Now here’s the thing. I think this whole bit is so much more than a flourish in the storyteller’s craft. Though this is undoubtedly a well-spun story. But I think this bit about Peter throwing clothes on and diving into the Sea of Galilee has something to do, maybe even everything to do, with the meaning and magnitude of baptism and Christian vocation. Think about it. Those first generations of disciples would have been baptized by total immersion, after having robed up (by the way) in white baptismal gowns. Their initiation would have been raucous and thrilling, accompanied by singing and dancing and laughter, a sign of the living Christ, resurrection not an idea, but a reality, then and there. And that’s baptism. A sign of Christ’s resurrection. Not just in Peter’s life or his friends’. But in yours and mine.
Of course, as adults, most of us don’t think too much about baptism, at least not about our own, not about that moment we threw ourselves purposefully into the arms of God. For most of us, not all but most of us, it was a long-ago moment, the baptismal wave has long-since receded, and the thrill no longer applies.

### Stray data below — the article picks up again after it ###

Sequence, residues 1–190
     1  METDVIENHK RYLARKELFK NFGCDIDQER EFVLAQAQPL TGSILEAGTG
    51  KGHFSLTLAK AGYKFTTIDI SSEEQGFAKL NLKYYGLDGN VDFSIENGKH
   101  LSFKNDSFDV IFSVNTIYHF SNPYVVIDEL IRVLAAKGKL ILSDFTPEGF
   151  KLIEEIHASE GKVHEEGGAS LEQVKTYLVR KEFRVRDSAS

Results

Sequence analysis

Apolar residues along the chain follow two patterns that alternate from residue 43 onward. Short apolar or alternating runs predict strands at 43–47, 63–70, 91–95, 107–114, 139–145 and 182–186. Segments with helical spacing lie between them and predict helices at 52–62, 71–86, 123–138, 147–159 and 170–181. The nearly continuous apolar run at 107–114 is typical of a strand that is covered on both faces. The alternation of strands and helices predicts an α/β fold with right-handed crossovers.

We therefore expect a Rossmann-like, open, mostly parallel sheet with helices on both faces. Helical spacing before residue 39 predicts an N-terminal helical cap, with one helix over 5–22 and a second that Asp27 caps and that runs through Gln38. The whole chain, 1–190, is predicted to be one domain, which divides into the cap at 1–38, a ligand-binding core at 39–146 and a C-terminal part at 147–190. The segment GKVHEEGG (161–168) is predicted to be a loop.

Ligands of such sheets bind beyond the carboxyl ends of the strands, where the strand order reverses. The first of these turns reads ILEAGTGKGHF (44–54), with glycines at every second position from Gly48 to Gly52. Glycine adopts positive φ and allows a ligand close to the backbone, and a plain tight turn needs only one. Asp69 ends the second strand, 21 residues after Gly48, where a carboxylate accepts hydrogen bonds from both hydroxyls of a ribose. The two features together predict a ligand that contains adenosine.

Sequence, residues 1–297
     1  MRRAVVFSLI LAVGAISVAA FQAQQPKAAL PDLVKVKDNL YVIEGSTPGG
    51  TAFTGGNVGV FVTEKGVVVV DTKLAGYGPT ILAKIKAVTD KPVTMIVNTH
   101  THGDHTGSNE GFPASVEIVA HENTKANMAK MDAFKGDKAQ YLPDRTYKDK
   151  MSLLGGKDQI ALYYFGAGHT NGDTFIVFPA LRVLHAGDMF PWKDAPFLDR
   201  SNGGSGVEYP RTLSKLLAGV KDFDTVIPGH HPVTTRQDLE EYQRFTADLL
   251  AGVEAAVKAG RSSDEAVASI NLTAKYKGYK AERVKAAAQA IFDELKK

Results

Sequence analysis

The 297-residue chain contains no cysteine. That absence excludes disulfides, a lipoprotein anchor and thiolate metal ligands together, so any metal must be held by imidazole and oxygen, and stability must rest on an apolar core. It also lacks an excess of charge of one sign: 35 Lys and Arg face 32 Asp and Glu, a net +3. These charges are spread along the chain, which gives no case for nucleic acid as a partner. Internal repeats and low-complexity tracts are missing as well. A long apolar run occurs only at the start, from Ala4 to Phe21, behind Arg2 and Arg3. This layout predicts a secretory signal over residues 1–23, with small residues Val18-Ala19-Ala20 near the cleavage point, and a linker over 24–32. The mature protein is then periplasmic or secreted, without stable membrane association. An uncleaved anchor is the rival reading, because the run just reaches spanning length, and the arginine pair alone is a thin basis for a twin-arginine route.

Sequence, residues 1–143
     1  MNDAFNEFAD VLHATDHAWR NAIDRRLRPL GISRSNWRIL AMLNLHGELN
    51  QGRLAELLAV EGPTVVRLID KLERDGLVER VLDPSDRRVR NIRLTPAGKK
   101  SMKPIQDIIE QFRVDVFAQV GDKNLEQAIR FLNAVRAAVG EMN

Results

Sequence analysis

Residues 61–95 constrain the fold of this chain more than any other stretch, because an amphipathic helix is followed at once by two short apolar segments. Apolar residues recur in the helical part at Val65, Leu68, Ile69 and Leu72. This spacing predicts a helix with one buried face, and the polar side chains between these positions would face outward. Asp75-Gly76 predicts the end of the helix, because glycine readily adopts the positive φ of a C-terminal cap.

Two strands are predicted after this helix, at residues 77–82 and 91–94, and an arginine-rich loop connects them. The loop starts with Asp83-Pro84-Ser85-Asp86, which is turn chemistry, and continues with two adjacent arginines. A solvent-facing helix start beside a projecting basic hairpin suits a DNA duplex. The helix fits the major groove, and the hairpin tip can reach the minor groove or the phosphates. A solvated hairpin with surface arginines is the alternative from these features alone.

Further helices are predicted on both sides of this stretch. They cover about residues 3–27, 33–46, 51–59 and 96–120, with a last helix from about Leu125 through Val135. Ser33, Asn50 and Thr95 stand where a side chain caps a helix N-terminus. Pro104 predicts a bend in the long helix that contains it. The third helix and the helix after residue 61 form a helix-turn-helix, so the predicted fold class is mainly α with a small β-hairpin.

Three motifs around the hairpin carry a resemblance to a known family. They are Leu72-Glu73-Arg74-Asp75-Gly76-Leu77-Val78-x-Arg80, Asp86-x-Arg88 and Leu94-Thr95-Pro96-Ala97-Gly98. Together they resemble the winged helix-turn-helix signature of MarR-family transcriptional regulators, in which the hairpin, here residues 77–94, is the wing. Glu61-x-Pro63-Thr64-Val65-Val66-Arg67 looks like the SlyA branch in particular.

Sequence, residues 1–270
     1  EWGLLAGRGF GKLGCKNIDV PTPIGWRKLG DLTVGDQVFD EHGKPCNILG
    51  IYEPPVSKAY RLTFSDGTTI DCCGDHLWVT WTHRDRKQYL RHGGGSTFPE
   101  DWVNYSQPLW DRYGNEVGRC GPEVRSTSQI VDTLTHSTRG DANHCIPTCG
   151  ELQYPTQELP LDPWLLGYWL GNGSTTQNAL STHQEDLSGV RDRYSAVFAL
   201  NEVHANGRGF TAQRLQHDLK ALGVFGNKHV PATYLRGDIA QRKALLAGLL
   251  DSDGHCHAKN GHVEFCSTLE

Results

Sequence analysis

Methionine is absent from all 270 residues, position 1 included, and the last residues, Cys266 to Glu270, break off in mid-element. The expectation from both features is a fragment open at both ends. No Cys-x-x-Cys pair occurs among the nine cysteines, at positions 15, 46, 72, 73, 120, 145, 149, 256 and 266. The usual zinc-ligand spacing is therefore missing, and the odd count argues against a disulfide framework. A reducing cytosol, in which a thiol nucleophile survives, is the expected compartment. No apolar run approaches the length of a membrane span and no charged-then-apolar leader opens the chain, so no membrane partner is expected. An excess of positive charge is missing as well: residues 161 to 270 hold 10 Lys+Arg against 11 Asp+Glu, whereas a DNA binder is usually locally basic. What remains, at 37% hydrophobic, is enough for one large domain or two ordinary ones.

But John’s Gospel recognizes the meaning and magnitude of baptism for a people committed to discipleship in a fractured and fractious world. And many scholars now read John’s Gospel as something of an extended meditation on baptism—both Peter’s and ours—because baptism is synonymous (at least for John it is) with courage and faith and (most importantly) resurrection. “Unless a grain of wheat falls into the earth and dies,” says John’s Jesus; “unless a grain of wheat falls into the earth and dies, it remains just a single grain; but if it dies, it bears much fruit.” Baptism is about dying to an old order, rising to a new one and bearing fruit in the here and now, the sweet fruit of service and love and forgiveness. And John’s Gospel insists that the mystery of Christ, the mystery of faith itself, is hidden in this sacrament.